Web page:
Crunch time for Lightwater Valley

Aerial shot of Lightwater Valley. (21090221a.)
Aerial shot of Lightwater Valley. (21090221a.)
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BY LAURA CONNOR

laura.connor@ripongazette.co.uk

@ljconnor2

Lightwater Valley is facing crunch time after lodging a planning application to build resort facilities in an effort to ward off closure.

The North Stainley theme park has applied to build 106 holiday units with outdoor sport facilities on the site after a similar development was thrown out by Harrogate Borough Council in 2008.

Lightwater Valley’s director and general manager Mark Bainbridge said getting the application approved is crucial for the future of the park.

“This year has been horrendous for outdoor attractions, especially those like Lightwater without accommodation,” said Mr Bainbridge. “This year we are 12 per cent down on profits, which is the equivalent of 40,000 visitors. We can’t sustain another two years in this kind of business.”

Mr Bainbridge added: “Now we are feeling the pressure and it’s getting harder and harder. We do need to change there is no doubt about that. We have spent £18million on the theme park over the last 10 years but it’s not led to an increase in visitors.”

The theme park’s latest application has been significantly reduced, proposing 234 fewer accommodation units than the original 204 caravans and 136 lodges put forward four years ago.

The original application was refused, despite an appeal by Lightwater Valley Attractions Ltd to overturn the council’s decision.

The council ruled the 18-hectare site was in an isolated and unsustainable location in open countryside and would be visually intrusive – going against Government guidance and the council’s own policy.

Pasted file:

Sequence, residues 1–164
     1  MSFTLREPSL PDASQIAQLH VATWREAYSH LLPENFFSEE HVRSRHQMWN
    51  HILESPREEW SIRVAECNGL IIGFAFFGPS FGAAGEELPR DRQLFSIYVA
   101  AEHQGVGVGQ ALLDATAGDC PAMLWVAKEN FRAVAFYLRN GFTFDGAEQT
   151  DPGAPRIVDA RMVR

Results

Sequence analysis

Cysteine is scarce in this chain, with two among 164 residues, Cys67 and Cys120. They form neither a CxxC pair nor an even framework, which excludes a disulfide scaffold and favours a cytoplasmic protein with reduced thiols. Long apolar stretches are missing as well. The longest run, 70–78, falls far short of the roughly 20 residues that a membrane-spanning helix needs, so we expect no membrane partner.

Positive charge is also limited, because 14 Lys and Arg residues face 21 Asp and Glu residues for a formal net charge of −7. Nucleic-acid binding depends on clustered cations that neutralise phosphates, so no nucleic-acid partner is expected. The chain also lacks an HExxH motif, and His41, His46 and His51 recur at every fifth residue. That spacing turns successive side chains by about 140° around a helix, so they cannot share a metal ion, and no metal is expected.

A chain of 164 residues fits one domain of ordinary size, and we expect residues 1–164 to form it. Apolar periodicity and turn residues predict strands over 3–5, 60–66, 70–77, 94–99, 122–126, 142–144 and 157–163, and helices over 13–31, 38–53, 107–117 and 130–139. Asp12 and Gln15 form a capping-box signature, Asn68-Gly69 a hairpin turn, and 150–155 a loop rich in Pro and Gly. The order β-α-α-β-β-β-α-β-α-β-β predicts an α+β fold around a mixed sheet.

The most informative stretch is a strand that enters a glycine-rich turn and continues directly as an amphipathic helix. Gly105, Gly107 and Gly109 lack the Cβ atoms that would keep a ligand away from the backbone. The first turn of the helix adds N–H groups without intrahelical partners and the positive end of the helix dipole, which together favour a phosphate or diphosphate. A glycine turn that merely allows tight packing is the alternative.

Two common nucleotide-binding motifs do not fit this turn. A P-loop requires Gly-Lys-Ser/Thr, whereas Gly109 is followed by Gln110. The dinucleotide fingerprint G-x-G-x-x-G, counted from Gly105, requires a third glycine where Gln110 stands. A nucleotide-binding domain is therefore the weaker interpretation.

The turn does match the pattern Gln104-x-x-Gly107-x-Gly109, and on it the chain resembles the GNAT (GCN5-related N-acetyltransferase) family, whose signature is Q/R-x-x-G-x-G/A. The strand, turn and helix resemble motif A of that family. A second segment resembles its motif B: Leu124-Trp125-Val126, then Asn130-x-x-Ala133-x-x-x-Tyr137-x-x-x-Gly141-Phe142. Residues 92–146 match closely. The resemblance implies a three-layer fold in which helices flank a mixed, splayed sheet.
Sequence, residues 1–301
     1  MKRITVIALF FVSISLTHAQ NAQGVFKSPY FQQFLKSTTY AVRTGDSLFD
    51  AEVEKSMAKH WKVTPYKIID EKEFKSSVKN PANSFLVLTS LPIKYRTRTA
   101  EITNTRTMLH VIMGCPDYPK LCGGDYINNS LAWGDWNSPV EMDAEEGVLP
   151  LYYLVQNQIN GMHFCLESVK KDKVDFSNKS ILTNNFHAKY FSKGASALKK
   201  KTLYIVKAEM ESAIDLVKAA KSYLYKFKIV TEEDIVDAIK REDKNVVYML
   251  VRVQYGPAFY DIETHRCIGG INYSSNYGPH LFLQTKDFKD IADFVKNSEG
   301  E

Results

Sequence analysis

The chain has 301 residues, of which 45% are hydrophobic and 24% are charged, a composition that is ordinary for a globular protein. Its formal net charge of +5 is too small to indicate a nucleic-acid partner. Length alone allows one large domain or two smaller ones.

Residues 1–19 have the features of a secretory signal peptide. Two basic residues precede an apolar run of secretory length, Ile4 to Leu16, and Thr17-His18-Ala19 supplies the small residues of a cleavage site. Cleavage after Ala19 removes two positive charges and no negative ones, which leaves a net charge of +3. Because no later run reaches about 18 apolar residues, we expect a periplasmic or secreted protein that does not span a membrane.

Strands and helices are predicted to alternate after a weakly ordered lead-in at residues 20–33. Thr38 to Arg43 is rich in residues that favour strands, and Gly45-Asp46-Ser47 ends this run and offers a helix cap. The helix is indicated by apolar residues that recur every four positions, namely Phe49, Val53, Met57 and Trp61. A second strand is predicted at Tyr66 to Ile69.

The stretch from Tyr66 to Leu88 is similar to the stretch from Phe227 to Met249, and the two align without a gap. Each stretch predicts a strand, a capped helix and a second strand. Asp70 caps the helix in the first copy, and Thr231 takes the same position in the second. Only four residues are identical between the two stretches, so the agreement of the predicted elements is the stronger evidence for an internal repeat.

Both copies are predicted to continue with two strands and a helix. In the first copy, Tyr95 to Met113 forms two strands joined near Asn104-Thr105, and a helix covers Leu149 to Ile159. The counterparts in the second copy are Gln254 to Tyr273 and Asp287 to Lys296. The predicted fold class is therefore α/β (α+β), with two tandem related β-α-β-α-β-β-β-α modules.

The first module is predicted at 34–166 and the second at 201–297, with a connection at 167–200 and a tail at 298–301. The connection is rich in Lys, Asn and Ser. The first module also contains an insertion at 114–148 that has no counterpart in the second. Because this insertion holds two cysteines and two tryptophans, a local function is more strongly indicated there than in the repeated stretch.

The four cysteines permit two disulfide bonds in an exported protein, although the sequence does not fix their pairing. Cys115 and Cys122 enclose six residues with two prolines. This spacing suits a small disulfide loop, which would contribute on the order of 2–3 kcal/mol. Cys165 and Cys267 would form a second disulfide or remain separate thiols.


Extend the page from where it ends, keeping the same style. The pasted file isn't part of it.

Mr Bainbridge said: “By reducing the number of units I think we have alleviated a lot of worries.”

He argued that overnight accommodation was an essential asset to the sustainability of a theme park.

“At the end of the day, the theme park model has changed vastly. Unfortunately, all of our competitors have now gone into accommodation and several of them that didn’t are no longer in existence.”

Local businesses have pledged support for the project, arguing it will boost tourism and trade in the area.

In a letter to Mr Bainbridge, Black Sheep brewery boss Rob Theakston said: “It will be particularly valuable to have such a facility operating 10 months of the year which will encourage visitors during the quieter seasons. The overall impact on job creation for the local communities would be highly beneficial.”

The Greater Ripon Improvement Partnership (GRIP) also voted in favour of the application at a board meeting last month.

GRIP chairman Judith Donovan told the Gazette: “Lightwater Valley is a very important attraction and we want it to succeed. We think accommodation at the park will help Ripon’s nightime economy and create a livelier Ripon in the evenings. It will also attract more families if there is accommodation.”

Welcome to Yorkshire, various tenants in the Lightwater Country Shopping Village next door to the park and Newby Hall also offered support for the new facilities.

Newby Hall administrator Stuart Gill wrote to Mr Bainbridge, saying Newby Hall “looks forward to strengthening our relationship with Lightwater and the new holiday lodges for the benefit of our own business and the local economy”.

The 2008 application also gained widespread support, with more than 10,000 members of the public signing an online petition – but planners maintained the development was unsustainable, despite acknowledging its economic advantages.